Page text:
In This Article Expand or collapse the "in this article" section Georg Wilhelm Friedrich Hegel: Metaphysics

  • Introduction
  • Introductory Works
  • Dictionaries and Handbooks
  • Synoptic and Comprehensive Interpretations of Hegel’s Metaphysics
  • Logic and Metaphysics
  • Theology and Metaphysics
  • Hegel and Ancient Metaphysics
  • Hegel and Early Modern Rationalist Metaphysics
  • Hegel and Kant’s Critique of Metaphysics
  • Hegel and the Metaphysics of Theoretical Cognition
  • Hegel and the Metaphysics of Practical Cognition
  • Hegel and the Sciences
  • Early Analytic Philosophical Critiques of Hegel’s Metaphysics
  • Hegel’s Metaphysics in Relation to Recent Analytic Philosophy
  • Hegel’s Metaphysics from the Perspective of Continental European Philosophy
  • Hegel’s Metaphysics from the Perspective of French Philosophy

Philosophy Georg Wilhelm Friedrich Hegel: Metaphysics
Paul Redding
  • LAST REVIEWED: 17 October 2022
  • LAST MODIFIED: 31 August 2015
  • DOI: 10.1093/obo/9780195396577-0287


No scholarly consensus exists about the nature and evaluation of Hegel’s “metaphysics.” There is a commonplace view, prevalent since the 19th century, in which Hegel is understood as proposing an “extravagant” God-centered ontology, and while some contemporary Hegel interpreters endorse accounts along these general lines, it is now commonly contested by many specialists in the field. In this traditional view, humans are singled out from the rest of nature in terms of their possession of “spirit” (Geist)—a notion understood as a terminological variant of the concept of God, although a somewhat unorthodox and pantheistic-leaning one. Stressing God’s immanence in the world, this concept becomes linked to a Eurocentric triumphalist account of history, with God’s increasing presence in the world being identified with the ways “reason” and “freedom” had purportedly developed in the practices and institutions of European society. Understood along such lines Hegel’s metaphysics is seldom thought to be of relevance to contemporary philosophy. However, in terms of capturing the central features of Hegel’s philosophy, the traditional interpretation had been challenged from the decades after Hegel’s death, and, similarly, nontraditional approaches have from time to time linked Hegel to movements critical of traditional metaphysics, such as existentialism, phenomenology, philosophical hermeneutics, and American pragmatism. Recently a variety of nontraditional views have been gaining strength within academic philosophical interpretations of Hegel, generating debates over the nature of Hegel’s metaphysical commitments.

Introductory Works

Hegel is a notoriously difficult philosopher to approach for the first time. Introductions, such as Beiser 2005 and Houlgate 2005, have to walk the fine line between merely reproducing Hegel’s difficult and idiosyncratic terminology and rendering his ideas in a language that does not do justice to his ideas. The following offer a variety of different routes into Hegel’s thought.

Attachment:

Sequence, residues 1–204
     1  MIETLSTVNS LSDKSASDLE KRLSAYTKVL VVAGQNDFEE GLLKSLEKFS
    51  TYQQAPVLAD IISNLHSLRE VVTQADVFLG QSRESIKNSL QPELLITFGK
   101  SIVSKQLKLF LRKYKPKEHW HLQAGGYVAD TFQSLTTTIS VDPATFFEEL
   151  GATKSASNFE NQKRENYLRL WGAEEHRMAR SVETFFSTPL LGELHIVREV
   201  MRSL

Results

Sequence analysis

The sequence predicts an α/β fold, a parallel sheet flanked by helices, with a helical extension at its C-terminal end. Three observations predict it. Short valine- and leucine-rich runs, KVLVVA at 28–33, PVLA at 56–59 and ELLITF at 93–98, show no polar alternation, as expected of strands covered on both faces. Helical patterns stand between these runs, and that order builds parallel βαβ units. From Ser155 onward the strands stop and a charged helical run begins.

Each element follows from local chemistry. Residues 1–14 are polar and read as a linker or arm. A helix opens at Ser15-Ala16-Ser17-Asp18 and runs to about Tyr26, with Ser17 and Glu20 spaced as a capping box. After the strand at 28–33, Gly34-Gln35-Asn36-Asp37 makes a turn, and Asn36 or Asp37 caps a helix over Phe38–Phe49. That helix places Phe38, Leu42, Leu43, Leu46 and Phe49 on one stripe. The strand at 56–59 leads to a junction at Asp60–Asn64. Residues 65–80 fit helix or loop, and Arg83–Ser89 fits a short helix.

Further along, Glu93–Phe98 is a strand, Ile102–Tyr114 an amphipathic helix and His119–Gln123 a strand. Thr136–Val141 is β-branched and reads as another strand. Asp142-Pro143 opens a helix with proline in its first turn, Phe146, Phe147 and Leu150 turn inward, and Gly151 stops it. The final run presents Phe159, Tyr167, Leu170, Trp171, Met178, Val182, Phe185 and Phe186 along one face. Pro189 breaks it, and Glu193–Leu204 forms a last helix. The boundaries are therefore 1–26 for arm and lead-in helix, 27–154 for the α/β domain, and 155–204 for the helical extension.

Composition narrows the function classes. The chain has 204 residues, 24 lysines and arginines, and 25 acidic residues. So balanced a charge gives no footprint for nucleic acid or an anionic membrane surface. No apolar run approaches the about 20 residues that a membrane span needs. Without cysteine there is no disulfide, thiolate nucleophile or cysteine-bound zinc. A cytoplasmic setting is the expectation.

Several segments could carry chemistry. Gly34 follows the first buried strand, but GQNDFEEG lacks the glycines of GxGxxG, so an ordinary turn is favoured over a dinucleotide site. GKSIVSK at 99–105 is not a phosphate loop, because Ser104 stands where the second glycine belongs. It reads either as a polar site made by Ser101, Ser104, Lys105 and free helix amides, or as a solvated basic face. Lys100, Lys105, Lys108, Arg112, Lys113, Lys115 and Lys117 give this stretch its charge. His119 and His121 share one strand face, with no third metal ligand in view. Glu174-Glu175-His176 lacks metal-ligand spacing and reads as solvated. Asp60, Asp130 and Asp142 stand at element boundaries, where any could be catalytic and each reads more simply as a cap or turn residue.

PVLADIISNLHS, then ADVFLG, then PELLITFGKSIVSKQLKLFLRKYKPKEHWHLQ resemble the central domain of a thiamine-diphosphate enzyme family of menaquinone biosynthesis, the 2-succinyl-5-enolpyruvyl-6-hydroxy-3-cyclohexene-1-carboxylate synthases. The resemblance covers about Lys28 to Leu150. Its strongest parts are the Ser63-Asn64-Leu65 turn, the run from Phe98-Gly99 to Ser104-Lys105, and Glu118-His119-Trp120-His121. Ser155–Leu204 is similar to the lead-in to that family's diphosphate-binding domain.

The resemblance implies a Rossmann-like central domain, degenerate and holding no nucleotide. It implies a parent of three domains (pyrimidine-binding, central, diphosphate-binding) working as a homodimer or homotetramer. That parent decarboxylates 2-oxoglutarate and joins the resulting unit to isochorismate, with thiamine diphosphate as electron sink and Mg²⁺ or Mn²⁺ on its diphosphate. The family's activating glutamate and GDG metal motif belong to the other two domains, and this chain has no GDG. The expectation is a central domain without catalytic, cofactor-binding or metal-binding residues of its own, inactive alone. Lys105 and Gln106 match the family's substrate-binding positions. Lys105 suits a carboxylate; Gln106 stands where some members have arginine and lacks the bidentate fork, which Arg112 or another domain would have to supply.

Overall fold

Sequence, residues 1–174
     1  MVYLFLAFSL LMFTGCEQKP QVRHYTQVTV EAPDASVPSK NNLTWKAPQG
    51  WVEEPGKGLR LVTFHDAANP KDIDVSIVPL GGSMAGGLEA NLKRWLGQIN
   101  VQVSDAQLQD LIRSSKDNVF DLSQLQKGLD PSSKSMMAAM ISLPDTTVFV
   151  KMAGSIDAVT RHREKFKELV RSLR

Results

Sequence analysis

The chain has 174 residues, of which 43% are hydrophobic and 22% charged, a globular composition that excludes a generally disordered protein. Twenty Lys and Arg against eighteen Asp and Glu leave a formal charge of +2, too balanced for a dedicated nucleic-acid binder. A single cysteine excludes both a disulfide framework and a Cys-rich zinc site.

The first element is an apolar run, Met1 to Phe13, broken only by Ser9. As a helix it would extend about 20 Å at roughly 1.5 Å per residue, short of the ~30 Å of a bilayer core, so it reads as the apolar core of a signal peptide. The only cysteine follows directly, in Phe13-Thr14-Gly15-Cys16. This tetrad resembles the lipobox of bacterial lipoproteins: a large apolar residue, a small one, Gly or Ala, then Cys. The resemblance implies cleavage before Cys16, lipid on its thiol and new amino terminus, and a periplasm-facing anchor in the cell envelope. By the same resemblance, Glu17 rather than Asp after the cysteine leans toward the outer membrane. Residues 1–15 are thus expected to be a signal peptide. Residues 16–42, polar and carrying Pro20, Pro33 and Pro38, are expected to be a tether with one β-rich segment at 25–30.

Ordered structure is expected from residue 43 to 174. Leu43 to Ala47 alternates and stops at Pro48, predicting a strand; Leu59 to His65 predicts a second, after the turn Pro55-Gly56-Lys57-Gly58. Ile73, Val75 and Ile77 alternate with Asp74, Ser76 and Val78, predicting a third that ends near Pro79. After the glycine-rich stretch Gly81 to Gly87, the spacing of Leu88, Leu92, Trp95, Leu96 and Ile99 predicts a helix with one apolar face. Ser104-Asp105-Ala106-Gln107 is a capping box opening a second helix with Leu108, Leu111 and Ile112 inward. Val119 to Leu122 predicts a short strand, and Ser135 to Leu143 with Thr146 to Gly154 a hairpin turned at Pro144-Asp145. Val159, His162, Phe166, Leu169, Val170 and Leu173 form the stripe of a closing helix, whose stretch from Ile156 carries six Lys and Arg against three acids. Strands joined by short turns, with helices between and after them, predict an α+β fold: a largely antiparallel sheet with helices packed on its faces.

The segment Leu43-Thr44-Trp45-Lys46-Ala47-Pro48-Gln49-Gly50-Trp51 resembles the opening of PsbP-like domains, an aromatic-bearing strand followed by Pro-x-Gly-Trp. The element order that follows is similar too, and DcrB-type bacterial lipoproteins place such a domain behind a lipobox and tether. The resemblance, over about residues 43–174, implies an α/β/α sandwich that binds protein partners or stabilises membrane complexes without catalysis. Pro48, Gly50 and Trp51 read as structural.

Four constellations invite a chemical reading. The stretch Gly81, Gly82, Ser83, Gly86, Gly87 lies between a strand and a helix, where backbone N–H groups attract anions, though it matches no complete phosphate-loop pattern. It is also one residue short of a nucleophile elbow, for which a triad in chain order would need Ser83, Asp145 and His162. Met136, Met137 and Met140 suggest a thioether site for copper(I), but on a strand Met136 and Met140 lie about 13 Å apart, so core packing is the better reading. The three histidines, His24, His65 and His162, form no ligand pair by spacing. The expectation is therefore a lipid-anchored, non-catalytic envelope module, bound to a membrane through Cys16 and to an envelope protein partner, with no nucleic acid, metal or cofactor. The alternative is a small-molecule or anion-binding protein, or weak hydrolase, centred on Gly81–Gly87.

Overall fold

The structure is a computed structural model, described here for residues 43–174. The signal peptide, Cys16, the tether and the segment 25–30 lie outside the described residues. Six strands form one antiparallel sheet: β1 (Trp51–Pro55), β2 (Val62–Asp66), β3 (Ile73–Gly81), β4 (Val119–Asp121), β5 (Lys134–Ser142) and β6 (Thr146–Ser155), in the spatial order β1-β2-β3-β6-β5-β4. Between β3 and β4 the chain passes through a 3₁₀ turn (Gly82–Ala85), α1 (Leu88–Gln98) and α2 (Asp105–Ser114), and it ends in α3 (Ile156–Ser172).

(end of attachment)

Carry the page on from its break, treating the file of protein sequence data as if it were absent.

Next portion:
• Beiser, Frederick. Hegel. New York: Routledge, 2005.

    A clearly written introduction. Rejects many elements of the traditional view, interpreting Hegel as a conceptual realist. Concepts are not mental representations but features of worldly things responsible for their being the sorts of things they are. He is critical of approaches that overassimilate Hegel’s idealism to Kant’s transcendental idealism.

  • Houlgate, Stephen. An Introduction to Hegel: Freedom, Truth and History. Malden, MA: Blackwell, 2005.

    A second edition of the earlier Freedom, Truth and History (New York: Routledge, 1991). A clear and comprehensive account by a major contemporary interpreter of Hegel. The centrality of religion to Hegel’s approach is defended but Hegel is freed from many of the extravagances of traditional interpretations.

  • Pinkard, Terry. Hegel: A Biography. New York: Cambridge University Press, 2000.

    Much more than a biography, the main features of Hegel’s works are presented clearly and systematically in the context of their time and within a very readable account of Hegel’s life and career.

  • Redding, Paul. “Georg Wilhelm Friedrich Hegel.” In The Stanford Encyclopedia of Philosophy. Edited by Edward N. Zalta. Stanford, CA: Stanford University, 2014.

    Central areas of Hegel’s work presented in an introductory way and alternative interpretative frameworks surveyed.

back to top

Users without a subscription are not able to see the full content on this page. Please subscribe or login.

How to Subscribe

Oxford Bibliographies Online is available by subscription and perpetual access to institutions. For more information or to contact an Oxford Sales Representative click here.